The next few clauses refer first, to the true nature and manner of existence of the Godhead, and secondly, to the Three Persons which make it up.
It is said that each Person is in nature (1) Uncreate, (2) Incomprehensible, (that is, not contained or comprehended in space,) and (3) Almighty. To believe that God is created is to believe a contradiction in terms. Some one then must have created Him. So to believe that space can bound or contain Him, and thus is more extensive than He, or that His power is limited-in any of these cases GOD is not God but a creature. Some did believe that the SON was a kind of created God, others that He was merely man, and nothing more. The force of these clauses is no doubt chiefly directed against the Greek philosophy, which taught that GOD was not almighty, seeing that He did not and could not create matter or the world, but could at most arrange its surface into seas, plains, mountains, &c., as a gardener can arrange his garden." And they did not believe the Unity of GOD, but taught the plurality of gods and goddesses, Jupiter, Mars, Juno, &c., and that these gods were confined to space, and
passed from one place to another; not having any idea of a God who is and must necessarily be everywhere and fill all space. The Jews alone of all ancient nations held that GOD actually created matter out of nothing." He spake, and it was done; He commanded, and it was created." Ps. cxlviii. 5. The rest believed that matter was co-eternal with GOD, and as it was not created by Him, so that it never could be destroyed, but would exist as now for ever. It would be no new thing to be told by authority that if we believe thus of GOD, we cannot be saved by such belief, because we are in fact not believing in a God at all.
The next thing is the manner of the existence of the Three Persons. The FATHER of Himself, the SoN by generation, the HOLY GHOST by procession.
We do not know, as regards GOD, what is meant by generation or procession, or how either differs from the other. This the Divine Mind alone can contain and comprehend. But some distinction between generation and procession there must be, or (as has been observed before, e.g. by Theodoret) if there were only generation, there would be two SONS and no HOLY GHOST: if only procession, there would be two HOLY GHOSTS and no SON, and each does sometimes a distinctive action, as when the FATHER creates, the SON redeems, and the HOLY GHOST sanctifies. Sometimes all do the same as when the FATHER ordained S. Paul (Gal. i. 15,) and the Son ordained him, (Acts xxii. 21,) and the HOLY GHOST ordained him, (Acts xiii, 2.) But if there is not
a distinct act of Redemption, we are not saved: if not a distinct act of sanctification, the Redemption has not been applied to us, and we are not under grace but under nature, and are where we were before the Redemption was worked out for us and purchased for us.
This has all been denied by one heresy or another, in parts or in whole; and of those who denied it, how can it be doubted, that so far, and as far as we know, and have it revealed, they cannot be saved? The heresy in the Church which denied the Godhead of the SON began with saying that He was not of one substance with the FATHER, but of a similar one, as an angel might be, or as the souls of men which are spirit and not matter: then that He was only "like," as our breath might be, which is invisible and impalpable to the touch. Then, that He was unlike, and so descended to what we should call the lowest depths of blasphemy.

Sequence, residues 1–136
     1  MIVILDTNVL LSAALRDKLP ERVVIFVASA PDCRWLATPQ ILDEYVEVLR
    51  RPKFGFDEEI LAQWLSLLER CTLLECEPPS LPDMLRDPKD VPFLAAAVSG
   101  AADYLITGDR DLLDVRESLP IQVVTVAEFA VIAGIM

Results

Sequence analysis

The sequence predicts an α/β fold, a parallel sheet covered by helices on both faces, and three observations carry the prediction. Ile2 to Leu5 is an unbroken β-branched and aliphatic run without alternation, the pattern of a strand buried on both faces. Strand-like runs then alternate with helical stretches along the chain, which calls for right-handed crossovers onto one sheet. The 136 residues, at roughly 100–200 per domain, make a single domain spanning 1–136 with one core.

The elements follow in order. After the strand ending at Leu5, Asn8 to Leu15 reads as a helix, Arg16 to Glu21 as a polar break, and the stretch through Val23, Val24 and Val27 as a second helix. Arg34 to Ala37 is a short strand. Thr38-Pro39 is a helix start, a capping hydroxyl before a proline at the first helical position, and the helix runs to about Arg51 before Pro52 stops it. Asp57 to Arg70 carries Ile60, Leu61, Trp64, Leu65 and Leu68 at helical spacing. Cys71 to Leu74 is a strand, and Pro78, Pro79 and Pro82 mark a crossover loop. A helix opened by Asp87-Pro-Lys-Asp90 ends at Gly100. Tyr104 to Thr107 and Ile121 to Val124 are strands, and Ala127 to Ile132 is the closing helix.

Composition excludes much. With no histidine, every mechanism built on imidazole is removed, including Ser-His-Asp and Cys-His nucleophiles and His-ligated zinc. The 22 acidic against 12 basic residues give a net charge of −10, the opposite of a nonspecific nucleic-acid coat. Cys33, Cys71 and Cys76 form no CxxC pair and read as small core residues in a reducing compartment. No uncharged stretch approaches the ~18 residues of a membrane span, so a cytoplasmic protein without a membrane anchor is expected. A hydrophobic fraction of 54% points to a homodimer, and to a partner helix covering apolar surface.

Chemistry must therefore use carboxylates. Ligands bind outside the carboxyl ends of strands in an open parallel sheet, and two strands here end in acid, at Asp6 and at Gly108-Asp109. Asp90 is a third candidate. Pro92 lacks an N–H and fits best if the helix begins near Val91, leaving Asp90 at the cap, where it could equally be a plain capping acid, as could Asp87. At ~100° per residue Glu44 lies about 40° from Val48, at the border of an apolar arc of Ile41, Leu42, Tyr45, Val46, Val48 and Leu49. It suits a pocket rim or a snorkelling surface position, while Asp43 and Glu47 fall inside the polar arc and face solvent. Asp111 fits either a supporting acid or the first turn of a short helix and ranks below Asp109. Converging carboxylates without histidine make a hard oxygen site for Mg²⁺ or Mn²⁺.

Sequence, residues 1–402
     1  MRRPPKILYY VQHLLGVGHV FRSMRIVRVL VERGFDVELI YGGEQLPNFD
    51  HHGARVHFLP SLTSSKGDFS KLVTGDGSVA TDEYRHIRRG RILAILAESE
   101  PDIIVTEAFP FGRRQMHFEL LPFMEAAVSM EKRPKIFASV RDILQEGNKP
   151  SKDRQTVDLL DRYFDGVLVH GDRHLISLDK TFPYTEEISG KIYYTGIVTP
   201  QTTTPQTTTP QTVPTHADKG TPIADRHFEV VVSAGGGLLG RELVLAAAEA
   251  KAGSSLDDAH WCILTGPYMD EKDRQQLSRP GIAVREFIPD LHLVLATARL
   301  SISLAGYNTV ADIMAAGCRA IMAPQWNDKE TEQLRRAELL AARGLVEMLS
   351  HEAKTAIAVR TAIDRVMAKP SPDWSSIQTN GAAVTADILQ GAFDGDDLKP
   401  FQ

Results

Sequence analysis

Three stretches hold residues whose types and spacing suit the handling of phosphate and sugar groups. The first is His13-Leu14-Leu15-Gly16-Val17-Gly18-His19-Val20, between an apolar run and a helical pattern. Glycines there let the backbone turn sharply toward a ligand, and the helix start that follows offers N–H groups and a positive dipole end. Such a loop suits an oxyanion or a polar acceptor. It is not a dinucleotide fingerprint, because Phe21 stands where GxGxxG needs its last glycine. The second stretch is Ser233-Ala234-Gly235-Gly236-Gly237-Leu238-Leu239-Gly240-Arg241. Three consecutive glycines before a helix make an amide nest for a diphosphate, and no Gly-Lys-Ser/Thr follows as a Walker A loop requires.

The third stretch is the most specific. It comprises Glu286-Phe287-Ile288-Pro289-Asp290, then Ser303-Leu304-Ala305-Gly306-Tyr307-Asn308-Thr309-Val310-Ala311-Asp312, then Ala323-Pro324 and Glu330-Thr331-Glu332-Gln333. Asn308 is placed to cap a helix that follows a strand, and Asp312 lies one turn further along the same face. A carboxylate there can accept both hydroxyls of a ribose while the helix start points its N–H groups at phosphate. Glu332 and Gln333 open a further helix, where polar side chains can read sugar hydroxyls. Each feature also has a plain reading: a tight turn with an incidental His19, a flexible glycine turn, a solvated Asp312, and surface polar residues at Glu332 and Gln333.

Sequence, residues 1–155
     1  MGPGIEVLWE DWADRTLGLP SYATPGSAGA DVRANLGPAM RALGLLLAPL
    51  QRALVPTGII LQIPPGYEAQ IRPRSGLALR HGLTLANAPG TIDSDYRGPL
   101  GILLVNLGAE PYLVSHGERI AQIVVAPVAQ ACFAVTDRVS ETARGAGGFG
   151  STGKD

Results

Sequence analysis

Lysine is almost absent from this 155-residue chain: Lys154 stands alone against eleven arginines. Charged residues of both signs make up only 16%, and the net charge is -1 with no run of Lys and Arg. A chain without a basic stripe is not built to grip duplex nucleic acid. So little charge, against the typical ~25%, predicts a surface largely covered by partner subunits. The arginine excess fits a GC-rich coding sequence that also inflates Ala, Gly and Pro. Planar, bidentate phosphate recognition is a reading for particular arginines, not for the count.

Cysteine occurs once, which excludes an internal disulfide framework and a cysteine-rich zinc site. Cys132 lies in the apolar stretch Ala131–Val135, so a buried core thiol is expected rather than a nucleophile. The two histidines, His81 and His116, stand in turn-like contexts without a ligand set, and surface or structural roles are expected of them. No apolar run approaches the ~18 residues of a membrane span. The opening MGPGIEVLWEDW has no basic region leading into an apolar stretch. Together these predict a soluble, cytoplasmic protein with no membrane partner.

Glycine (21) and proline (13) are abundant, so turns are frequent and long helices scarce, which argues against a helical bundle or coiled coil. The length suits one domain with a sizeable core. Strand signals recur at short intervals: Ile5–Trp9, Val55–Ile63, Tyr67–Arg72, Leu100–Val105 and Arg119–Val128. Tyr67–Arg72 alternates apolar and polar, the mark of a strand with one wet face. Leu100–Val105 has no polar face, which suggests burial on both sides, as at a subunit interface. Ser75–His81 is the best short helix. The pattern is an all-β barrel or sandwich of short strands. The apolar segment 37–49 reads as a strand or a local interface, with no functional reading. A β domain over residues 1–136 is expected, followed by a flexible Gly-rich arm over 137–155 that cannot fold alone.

And certainly, whatever we call these ideas, it is almost a truism to
say to those who hold them, that they cannot be saved by them into Christian salvation, and by anything that CHRIST has done for them.
The Church's system of doctrine is that salvation begins from the atonement of One who as God has power to pay, and more than pay, man's debt, and whose blood, even one drop of it, because it was GOD's in human nature, did more than pay it. If He were only man, we say that the salvation of men could no more have been wrought out by Him than by any other mere man; and again, the Church has a right to use her weapons for the protection of those within her ranks. No clause of the Creed says that A, B or C, individuals holding such an opinion cannot be saved, but that heresy in itself, and intrinsically, cannot and does not lead to salvation, but the contrary. "This is the great high road to your journey's end. There is no other. If you go off into any by-road, or lane, or path of your own, I warn you most emphatically that you will fall into all sorts of difficulties, and end with losing your way entirely." One who should say this to a traveller would hardly be thought uncharitable; though the traveller, if such caution had not been given, might have had reason to say, "Why did you not warn me?"
This ends the first part of the Creed. The second treats of the Incarnation, and lays down the one only system of doctrine which can follow from that truth. As this part treats of points less plain and broad than the other, the clauses which refer to it have been thought more hard, and more harsh and unjustifiable; but are they really so?
Granting for argument's sake that the road is more narrow and intricate, is it therefore the truth that guidance and direction are less called for?
The first particular doctrine laid down in this part is, that our LORD is "of a reasonable soul and human flesh." It might have been thought that being admitted to be man at all, there could at least be no doubt on these two points; but some of those [Gnostics] outside the Church, to carry out their idea that CHRIST as man was to be a sort of superhuman man, taught that His Body and Flesh were celestial body and flesh, and came, some said, from Heaven, others from the sun or one of the planets, and that it took nothing of the Virgin Mary, merely passing through her body as "water through a pipe." Tertullian confuted these from Ps. xxii., "Thou art He that took me out of my mother's womb : Thou wast my hope when I hanged yet upon my mother's breast." ver. 9.
We know without the need of any "damnatory" clause that men